Whether the company is cheating from the top down or whether cheating occurs because the top sets unrealistic expectations and then doesn’t realize when the engineers cheat — it comes to the same thing.

    VW management owns the whole thing and will have to see it through either way.

    This isn’t eight grade.

    What impresses me is how long this information was kept from leaking out. German engineers are a breed apart, it would seem. I can’t see this sort of thing staying secret at Ford or GM for three months.

    • 0 avatar
      JimZ

      “I don’t get this morbid fascination in the press — German and American — with who knew what when.”

      “Those who cannot remember the past are condemned to repeat it.”

    • 0 avatar
      NickS

      Some people have enough intellectual curiosity about this to want to know who knew what, when. Given most people’s corp and engineering experience something about the VW case doesn’t add up. It is only natural to want to know more about what went wrong in case it uncovers similar shortcomings elsewhere. Every CEO out there worries about some fiasco like this hiding inside one of their popular products. Every engineer would like to know if the incentive structure or management practice in place played any role. Heck, some lawmakers might be interested in enacting some new rules and regulations.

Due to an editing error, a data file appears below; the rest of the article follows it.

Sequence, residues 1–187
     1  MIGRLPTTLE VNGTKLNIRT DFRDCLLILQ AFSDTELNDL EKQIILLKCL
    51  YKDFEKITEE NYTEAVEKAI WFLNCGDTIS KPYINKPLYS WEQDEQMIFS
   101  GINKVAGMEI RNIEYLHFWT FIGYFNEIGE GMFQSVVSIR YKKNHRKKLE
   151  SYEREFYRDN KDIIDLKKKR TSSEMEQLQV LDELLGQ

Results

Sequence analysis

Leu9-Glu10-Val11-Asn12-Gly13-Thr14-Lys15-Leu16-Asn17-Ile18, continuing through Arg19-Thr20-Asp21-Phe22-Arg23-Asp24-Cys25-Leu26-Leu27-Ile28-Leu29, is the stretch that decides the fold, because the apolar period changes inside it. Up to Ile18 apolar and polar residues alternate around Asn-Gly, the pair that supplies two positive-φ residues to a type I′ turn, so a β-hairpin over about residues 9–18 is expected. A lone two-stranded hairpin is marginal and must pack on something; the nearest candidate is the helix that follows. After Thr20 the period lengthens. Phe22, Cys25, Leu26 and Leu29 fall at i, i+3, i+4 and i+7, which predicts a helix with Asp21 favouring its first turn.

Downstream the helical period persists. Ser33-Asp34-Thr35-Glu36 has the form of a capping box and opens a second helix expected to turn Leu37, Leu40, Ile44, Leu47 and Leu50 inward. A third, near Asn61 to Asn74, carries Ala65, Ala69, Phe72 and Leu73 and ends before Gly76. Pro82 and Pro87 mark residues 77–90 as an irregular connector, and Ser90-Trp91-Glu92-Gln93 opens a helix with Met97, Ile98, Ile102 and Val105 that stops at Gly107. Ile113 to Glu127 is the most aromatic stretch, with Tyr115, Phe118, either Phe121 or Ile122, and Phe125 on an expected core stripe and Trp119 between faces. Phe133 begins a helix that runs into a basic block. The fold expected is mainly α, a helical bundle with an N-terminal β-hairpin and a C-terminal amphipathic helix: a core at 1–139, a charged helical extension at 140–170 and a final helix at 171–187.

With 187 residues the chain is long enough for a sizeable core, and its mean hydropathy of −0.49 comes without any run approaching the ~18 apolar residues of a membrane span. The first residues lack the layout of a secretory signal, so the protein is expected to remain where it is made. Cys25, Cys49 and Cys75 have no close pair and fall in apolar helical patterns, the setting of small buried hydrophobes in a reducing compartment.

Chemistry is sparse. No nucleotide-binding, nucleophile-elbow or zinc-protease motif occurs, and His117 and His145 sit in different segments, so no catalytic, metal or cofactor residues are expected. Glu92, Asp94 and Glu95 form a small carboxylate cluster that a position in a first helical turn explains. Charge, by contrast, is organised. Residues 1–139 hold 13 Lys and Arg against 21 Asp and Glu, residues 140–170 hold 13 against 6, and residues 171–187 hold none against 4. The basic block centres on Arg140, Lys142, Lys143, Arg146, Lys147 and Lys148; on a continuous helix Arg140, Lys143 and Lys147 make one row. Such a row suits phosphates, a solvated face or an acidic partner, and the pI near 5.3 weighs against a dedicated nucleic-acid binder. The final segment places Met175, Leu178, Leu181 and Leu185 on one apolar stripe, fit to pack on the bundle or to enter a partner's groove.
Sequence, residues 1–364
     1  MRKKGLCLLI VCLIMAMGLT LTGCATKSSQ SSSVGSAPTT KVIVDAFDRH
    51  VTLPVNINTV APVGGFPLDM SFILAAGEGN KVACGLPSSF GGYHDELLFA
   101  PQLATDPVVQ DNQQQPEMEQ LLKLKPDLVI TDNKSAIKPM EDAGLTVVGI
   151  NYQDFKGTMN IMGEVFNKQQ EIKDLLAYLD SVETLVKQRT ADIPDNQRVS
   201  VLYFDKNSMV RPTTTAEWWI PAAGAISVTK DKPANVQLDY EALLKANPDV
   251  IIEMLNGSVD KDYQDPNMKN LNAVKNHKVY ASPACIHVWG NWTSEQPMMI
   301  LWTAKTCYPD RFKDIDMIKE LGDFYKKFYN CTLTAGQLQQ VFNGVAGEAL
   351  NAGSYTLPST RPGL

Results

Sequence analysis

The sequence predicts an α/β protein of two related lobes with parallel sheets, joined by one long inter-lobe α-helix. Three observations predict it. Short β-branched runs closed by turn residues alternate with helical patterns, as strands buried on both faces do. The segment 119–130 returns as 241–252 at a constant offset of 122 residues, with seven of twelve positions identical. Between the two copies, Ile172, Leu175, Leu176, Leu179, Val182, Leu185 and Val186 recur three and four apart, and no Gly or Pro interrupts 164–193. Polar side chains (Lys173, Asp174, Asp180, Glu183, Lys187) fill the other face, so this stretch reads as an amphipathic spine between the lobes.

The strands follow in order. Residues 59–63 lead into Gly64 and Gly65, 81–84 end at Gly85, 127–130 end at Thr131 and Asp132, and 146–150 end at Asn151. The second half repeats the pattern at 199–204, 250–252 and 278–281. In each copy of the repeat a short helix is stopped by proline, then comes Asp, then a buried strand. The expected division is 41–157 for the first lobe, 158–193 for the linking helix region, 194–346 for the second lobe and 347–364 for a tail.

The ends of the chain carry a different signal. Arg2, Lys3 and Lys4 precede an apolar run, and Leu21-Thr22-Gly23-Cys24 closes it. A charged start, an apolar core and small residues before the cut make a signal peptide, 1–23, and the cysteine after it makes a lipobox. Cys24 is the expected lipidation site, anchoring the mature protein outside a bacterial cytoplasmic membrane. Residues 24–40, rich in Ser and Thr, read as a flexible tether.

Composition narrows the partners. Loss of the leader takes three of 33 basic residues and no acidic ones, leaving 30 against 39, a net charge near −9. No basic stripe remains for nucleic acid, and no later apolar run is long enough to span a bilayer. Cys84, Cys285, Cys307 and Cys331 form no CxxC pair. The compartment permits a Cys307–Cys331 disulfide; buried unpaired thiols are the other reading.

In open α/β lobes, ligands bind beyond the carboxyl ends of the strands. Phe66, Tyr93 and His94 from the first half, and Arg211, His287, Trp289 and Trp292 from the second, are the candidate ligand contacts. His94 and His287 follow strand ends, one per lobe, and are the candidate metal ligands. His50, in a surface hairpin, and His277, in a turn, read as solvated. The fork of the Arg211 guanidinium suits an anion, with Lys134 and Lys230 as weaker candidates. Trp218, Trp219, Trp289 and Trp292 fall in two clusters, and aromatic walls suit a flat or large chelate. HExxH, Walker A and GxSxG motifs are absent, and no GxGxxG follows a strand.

This is not a VW problem only. Every corp would love to have cases of malfeasance treated as an internal matter.

      • 0 avatar
        JimZ

        German Tour Guide: You vill find more on Germany’s contributions to ze arts in ze pamphlets ve have provided.

        Brian : Yeah, about your pamphlet… uh, I’m not seeing anything about German history between 1939 and 1945. There’s just a big gap.

        Tour guide: Everyone vas on vacation! On your left is Munich’s first city hall, erected in 15…